So, let’s start with the negatives. Cameron’s ear for dialogue has not improved. Much like George Lucas, it is as though that is his least favourite element of writing and filmmaking, though in the mouths of children it does not jar as badly, and in general there are fewer cringe-inducing moments than in the first film. The plot feels less consequential than the first, even if the scope of the filmmaking has grown. The very existence of the only Na’vi we had met were under threat last time out, with their entire way of life, and their most sacred places looking as though they would be destroyed for resources. Here, although there is a lot of destruction, the bulk of the plot is concerned with the Colonel’s revenge. As such, it simply feels like the next chapter, rather than a complete story: film three is very clearly on the horizon. Yes, we knew this, but the film is positioning itself for the next chapter in a way that makes it a struggle to see this as self-contained.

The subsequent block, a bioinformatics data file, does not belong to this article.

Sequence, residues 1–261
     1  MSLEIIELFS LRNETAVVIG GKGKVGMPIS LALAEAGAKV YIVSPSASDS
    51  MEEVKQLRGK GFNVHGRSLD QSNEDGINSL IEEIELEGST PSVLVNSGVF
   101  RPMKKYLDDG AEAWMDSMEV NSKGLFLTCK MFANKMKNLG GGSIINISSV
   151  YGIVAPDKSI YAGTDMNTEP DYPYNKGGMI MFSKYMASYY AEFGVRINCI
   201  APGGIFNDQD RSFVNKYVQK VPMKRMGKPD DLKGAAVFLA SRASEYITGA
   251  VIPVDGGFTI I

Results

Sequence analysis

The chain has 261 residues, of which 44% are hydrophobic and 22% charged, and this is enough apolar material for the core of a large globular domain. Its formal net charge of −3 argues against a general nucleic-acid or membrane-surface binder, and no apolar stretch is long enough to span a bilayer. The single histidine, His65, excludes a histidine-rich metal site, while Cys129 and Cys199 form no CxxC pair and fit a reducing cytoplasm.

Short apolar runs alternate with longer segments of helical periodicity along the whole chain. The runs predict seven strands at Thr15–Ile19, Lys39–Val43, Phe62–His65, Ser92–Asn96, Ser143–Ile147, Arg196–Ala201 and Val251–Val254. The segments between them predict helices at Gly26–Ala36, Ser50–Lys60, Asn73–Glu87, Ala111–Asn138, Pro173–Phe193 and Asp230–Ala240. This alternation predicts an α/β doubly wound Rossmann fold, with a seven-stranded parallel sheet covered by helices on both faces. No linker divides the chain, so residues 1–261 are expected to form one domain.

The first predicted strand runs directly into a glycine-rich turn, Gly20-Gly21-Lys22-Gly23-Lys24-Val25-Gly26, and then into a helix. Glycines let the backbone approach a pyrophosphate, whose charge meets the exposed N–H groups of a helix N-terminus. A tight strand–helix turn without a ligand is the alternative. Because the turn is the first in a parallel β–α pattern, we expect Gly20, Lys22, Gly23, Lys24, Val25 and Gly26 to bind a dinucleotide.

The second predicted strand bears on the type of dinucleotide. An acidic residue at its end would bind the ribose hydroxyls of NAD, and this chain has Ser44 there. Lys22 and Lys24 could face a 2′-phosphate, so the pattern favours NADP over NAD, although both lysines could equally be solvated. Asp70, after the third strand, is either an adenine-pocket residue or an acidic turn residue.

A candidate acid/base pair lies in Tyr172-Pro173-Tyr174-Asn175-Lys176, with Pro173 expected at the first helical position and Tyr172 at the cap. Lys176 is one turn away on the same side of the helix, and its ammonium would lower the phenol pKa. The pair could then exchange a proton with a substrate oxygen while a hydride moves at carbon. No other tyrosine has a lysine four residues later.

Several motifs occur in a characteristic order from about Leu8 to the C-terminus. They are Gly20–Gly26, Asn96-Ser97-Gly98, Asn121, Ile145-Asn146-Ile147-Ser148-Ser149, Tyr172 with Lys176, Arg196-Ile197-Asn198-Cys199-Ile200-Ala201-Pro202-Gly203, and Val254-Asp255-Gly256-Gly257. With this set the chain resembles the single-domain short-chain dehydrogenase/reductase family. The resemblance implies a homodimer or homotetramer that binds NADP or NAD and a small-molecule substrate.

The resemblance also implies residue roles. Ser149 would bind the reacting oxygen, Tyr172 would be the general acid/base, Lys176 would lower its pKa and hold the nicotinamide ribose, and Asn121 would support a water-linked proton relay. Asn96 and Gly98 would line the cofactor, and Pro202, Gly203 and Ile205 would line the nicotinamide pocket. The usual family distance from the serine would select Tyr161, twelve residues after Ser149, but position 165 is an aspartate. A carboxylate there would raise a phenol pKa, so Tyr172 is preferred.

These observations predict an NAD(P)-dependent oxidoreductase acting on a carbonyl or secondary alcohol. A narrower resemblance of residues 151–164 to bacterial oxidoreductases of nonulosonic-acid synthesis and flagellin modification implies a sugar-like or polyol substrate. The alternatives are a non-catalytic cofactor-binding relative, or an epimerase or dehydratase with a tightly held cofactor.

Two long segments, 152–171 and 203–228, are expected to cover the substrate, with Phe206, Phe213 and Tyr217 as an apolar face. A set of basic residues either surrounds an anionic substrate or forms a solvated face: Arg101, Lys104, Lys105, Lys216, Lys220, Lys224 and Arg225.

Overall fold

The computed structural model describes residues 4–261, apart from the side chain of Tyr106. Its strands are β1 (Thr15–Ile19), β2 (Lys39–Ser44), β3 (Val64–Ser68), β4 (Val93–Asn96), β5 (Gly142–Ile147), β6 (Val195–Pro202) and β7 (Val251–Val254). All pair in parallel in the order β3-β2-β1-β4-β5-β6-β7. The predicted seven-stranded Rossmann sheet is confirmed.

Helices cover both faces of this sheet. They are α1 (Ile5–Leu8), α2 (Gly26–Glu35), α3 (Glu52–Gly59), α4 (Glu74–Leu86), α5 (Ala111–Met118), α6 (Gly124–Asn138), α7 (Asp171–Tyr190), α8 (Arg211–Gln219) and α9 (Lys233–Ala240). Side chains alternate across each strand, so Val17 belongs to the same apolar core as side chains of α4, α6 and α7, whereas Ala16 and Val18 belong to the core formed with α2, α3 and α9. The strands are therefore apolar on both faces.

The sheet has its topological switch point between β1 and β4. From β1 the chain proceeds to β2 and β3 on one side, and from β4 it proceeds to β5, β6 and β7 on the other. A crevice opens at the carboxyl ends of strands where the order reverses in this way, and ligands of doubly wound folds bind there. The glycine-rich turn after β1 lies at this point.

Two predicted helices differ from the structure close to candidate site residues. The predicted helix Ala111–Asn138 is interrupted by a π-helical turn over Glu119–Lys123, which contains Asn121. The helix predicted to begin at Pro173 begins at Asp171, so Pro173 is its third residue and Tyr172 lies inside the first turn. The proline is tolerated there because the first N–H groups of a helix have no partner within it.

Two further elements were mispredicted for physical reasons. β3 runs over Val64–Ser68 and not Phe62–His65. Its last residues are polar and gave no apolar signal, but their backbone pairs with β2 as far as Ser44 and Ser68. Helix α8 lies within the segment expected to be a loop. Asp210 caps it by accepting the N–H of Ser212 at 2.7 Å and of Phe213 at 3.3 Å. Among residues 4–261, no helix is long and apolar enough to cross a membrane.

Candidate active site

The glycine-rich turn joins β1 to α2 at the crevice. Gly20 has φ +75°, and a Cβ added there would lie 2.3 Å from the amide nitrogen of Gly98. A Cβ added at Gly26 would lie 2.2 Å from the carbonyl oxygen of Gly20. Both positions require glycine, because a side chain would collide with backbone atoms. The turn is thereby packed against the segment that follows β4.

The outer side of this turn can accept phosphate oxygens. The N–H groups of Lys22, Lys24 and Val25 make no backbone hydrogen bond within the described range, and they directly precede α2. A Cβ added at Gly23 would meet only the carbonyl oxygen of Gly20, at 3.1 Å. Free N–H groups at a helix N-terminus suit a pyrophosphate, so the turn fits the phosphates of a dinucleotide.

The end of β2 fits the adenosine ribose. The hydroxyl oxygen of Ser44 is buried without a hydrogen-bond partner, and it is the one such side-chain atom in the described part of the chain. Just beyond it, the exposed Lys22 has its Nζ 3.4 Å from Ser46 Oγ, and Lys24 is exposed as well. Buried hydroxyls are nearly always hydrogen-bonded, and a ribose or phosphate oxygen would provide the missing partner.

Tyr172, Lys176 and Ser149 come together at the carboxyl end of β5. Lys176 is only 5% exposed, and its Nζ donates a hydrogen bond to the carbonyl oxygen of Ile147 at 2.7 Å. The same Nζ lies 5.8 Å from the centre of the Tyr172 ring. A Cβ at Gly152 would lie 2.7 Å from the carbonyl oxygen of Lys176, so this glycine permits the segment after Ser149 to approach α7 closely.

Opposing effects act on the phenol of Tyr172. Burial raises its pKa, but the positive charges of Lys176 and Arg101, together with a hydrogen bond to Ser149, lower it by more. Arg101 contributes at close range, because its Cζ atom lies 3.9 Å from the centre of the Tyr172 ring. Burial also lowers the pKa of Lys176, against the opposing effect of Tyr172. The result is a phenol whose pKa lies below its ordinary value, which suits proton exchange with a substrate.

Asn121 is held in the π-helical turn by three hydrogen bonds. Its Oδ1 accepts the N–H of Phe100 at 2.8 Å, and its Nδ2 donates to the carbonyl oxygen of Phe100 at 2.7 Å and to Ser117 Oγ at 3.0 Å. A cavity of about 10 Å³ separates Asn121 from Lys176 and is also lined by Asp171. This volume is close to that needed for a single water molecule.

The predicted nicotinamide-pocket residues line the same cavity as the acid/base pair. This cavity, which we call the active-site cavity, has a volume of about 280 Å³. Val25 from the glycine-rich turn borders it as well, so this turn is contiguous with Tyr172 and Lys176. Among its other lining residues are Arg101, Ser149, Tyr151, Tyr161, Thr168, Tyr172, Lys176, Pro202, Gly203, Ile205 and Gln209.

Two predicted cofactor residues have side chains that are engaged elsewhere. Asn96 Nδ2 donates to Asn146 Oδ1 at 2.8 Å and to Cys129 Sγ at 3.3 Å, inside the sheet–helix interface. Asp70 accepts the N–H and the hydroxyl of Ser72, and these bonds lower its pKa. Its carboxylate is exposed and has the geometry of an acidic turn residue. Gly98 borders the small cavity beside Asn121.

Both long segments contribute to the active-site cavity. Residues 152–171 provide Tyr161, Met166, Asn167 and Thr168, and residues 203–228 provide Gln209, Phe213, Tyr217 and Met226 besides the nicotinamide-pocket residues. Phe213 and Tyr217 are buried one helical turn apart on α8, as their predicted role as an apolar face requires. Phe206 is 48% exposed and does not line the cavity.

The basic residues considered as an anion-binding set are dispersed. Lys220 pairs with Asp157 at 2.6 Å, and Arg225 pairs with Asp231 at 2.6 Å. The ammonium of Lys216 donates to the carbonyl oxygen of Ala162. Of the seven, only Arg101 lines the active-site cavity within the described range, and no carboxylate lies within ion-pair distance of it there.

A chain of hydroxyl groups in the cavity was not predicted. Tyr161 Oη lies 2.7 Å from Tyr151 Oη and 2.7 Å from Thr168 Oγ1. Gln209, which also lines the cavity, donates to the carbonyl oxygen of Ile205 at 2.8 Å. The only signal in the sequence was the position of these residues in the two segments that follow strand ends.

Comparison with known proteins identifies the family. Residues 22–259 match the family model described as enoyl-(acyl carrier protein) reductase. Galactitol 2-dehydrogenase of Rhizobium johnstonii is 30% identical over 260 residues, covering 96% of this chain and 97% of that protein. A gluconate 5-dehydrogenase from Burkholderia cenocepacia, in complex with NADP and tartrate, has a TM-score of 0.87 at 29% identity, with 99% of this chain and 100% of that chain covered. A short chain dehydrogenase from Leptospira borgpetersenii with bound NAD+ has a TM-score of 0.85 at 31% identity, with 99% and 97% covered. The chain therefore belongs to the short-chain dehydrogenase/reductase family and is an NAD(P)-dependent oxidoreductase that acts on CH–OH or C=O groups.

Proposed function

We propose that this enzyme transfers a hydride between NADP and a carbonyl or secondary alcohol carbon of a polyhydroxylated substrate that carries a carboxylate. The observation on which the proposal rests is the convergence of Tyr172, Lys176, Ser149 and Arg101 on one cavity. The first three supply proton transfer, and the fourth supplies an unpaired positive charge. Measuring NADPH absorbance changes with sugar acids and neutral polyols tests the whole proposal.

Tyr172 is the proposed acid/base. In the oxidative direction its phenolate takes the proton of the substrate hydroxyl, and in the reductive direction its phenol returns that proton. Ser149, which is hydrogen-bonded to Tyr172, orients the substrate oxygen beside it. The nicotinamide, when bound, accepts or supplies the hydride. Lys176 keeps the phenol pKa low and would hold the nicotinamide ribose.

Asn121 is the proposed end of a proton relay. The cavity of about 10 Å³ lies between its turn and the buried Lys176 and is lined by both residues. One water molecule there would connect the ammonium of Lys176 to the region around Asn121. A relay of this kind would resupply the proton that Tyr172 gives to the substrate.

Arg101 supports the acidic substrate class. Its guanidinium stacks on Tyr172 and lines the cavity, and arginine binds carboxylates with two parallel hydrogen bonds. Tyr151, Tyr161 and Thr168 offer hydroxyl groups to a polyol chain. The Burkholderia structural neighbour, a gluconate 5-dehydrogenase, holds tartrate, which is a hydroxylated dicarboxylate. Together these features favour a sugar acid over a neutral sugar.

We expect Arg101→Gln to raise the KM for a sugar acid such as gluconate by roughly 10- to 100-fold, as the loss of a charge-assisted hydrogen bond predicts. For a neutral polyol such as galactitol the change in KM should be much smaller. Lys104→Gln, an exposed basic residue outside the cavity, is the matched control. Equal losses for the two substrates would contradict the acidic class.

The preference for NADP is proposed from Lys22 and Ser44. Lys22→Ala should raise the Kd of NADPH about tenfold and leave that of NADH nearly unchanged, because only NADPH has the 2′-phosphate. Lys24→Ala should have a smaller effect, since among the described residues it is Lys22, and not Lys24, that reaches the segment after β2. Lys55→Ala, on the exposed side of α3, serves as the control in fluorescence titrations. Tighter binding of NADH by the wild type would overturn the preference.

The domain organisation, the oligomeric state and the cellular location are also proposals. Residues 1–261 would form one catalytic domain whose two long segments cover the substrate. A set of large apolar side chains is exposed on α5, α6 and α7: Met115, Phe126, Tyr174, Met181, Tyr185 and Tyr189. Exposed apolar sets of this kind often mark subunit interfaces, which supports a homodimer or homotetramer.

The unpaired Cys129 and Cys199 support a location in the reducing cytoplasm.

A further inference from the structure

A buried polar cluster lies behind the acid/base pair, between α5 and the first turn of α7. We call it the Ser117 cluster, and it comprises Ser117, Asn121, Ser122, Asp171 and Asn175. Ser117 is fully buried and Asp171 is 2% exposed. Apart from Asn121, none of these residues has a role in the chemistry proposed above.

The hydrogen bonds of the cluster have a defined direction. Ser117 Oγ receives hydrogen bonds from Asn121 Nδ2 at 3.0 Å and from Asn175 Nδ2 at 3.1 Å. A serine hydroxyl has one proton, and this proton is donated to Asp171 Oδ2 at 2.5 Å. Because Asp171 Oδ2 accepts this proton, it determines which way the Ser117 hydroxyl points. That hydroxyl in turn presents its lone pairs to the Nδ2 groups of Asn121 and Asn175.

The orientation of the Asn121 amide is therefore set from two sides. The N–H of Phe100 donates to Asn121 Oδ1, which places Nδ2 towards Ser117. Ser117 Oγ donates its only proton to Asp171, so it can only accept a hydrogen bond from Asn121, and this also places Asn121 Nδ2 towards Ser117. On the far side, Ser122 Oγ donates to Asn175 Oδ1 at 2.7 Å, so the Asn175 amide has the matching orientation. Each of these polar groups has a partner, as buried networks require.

In the IMAX presentation, this film has a variable frame rate. In short, films are presented at 24 frames per second (fps). That is twenty-four still pictures that create the illusion of movement. Peter Jackson had experimented with 48fps for his Hobbit trilogy. There, it created a feeling of hyper-reality, all the sets looked exactly that – sets, rather than a home, or whatever it was meant to be, the lack of motion blur made it look more like a BBC costume drama, and the clarity of it meant that you could even see Gandalf’s contact lenses! It did not work, and it was worrying to see that it would be attempted here.